A friend’s eldest daughter graduated this month and then promptly took off to counsel at Bible camp. Pam doesn’t even have the luxury of summer to ease into the idea of “losing” her daughter to college in the fall. For all intents, Liz is already gone. Just like that.
My eldest is just six so I’m a dozen years away from that exact dilemma. But a couple weeks ago I experienced a twinge of it when Rachel went on her first sleepover. Of course, I’d occasionally been apart from her overnight before, but she was always at home—with my husband if I was on a retreat or with my in-laws when we were away celebrating our anniversary. This time Rachel went away.
I am glad she has a good friend and grateful I can trust her friend’s parents with my little girl. I am thrilled she was ready for such an adventure, which was clear as she gleefully waved goodbye when they drove off. No tears. No late-night come-and-get-me phone call. I want our children to have peace and confidence as they explore the world beyond our home so this was a wonderful experience for her.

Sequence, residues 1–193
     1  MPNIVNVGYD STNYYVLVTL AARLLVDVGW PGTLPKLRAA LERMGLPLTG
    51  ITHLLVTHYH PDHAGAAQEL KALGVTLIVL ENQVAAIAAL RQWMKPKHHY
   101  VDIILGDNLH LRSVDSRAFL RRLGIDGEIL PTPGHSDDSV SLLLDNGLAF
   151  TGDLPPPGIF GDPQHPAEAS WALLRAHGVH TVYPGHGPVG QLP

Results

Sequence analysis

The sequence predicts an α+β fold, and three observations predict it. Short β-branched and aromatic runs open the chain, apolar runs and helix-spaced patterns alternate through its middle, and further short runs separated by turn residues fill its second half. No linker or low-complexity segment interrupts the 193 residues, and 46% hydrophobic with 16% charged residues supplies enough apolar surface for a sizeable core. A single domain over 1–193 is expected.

But I cried that night. Not because I feared for her safety or worried about her anxiety. I simply missed her. And I realized this was the first of many instances of letting go—of allowing and encouraging her to have experiences beyond me.
Because that—to facilitate God’s equipping of her so she can eventually go out and fulfill His purposes for her—is my job as her mom. It starts with a little sleepover and snowballs from there.
It’s not easy. You surely shed many more tears than I when your child moved the tassel across his mortarboard recently. But, if we are serious about our claim to be raising our kids for the Lord, letting go is a necessary part of the pain and joy that is parenting.